Sound Engineer Careers

How to become Sound Engineer

What does a Sound Engineer do?

Sound engineers who work in recording studios make high quality sound recordings, mainly for the entertainment industry.

Sound engineers operate complex electronic equipment to reproduce music, dialogue, sound effects and other audio content to the highest quality. This may be for: all types of music recordings; radio, TV and theatre; corporate presentations and promotions; websites and interactive media.

The work involves:

  • planning recording sessions and microphones and equipment in the studio
  • setting and maintaining appropriate sound levels and dynamics
  • recording each item/instrument
  • mixing various tracks on tape and monitoring the sound using the control room speakers
  • compiling the recordings into the final master according to the client’s brief
  • assembling all the information associated with the recording for archive.

What's the working environment like working as a Sound Engineer?

Hours of work vary widely and may include days, evenings, nights and weekends. Overtime may be available.

Most of the work is carried out in a recording studio. The conditions vary depending upon the type of studio. Large recording organisations may have air-conditioned, comfortable, spacious, well- equipped studios.

Most control rooms are intense working environments, often small and crowded and lit by artificial light.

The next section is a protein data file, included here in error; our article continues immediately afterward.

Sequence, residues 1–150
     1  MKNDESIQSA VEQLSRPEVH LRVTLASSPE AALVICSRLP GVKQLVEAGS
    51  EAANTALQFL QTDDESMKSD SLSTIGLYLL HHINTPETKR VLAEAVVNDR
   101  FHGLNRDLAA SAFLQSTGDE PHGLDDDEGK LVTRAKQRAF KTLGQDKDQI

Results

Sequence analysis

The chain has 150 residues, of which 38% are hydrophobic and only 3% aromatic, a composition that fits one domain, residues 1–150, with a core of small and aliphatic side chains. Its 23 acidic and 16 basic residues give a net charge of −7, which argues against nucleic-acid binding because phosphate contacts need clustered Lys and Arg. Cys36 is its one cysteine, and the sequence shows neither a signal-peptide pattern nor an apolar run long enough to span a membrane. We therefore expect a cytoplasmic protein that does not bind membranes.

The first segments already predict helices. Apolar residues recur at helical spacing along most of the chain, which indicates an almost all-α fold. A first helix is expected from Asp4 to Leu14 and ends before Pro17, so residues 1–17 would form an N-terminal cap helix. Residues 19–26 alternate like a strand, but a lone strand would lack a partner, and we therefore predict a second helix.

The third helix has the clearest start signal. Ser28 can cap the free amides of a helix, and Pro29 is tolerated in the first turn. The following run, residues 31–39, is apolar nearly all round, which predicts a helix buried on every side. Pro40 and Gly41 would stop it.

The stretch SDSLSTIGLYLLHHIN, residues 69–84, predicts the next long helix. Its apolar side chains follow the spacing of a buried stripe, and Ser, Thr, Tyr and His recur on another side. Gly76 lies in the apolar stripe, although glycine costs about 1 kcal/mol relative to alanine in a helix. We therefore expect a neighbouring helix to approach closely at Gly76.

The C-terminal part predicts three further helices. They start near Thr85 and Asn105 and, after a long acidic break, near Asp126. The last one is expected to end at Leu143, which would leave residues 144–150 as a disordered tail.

Recordings may be made away from the studio at live concerts which could be in a theatre, a concert hall, or outdoors in the open air.

What does it take to become a Sound Engineer?

To be a sound engineer, you should:

  • have the ability to distinguish sound quality
  • have an ear for pitch, timing and rhythm
  • have a basic knowledge of electricity, electronics and the physical properties of sound
  • have practical wiring skills
  • have an interest and knowledge of music (musical ability is useful)
  • the ability to cope with long hours and stressful working conditions
  • be a good communicator.

Sound Engineer Career Opportunities

There is strong competition for places so initiative, persistence and the ability to make personal contacts in the industry is necessary.

Most of the major studios are based in London and are independently owned. Many of the large record companies use these in preference, or in addition to, owning their own studios. Some studios may specialise in a certain type of recording, eg, classical or popular music, and employ up to 15 people including sound engineers and studio assistants.

Many towns throughout the country have smaller studios. Most of the work involves recording ‘demo’ CDs and tapes for local bands, creating commercials for local radio stations and copying cassette tapes. Some also offer CD mastering services.

Engineers may specialise in certain areas such as mastering, or choose to become producers once they have built up a reputation with a number of clients. Others, with experience (and investment) start their own recording studios.

Further information

If you would like to know anything about Sound Engineer that does not appear on Hotcourses, further information can be found below.

British Phonographic Institute (BPI)
Riverside Building
County Hall
Westminster Bridge Road
Tel: 020 7803 1300

Association of Professional Recording Services
PO Box 22
Tel: 01803 868600

Professional Lighting and Sound Association
38 St Leonards Road
East Sussex
BN21 3UT
Tel: 01323 410335

Institute of Sound and Communications Engineers

Skillset Careers
Tel: 08080 300 900 for England, Wales and Northern Ireland
Tel: 0808 100 8094 for Scotland

Prospect House
80-110 New Oxford Street

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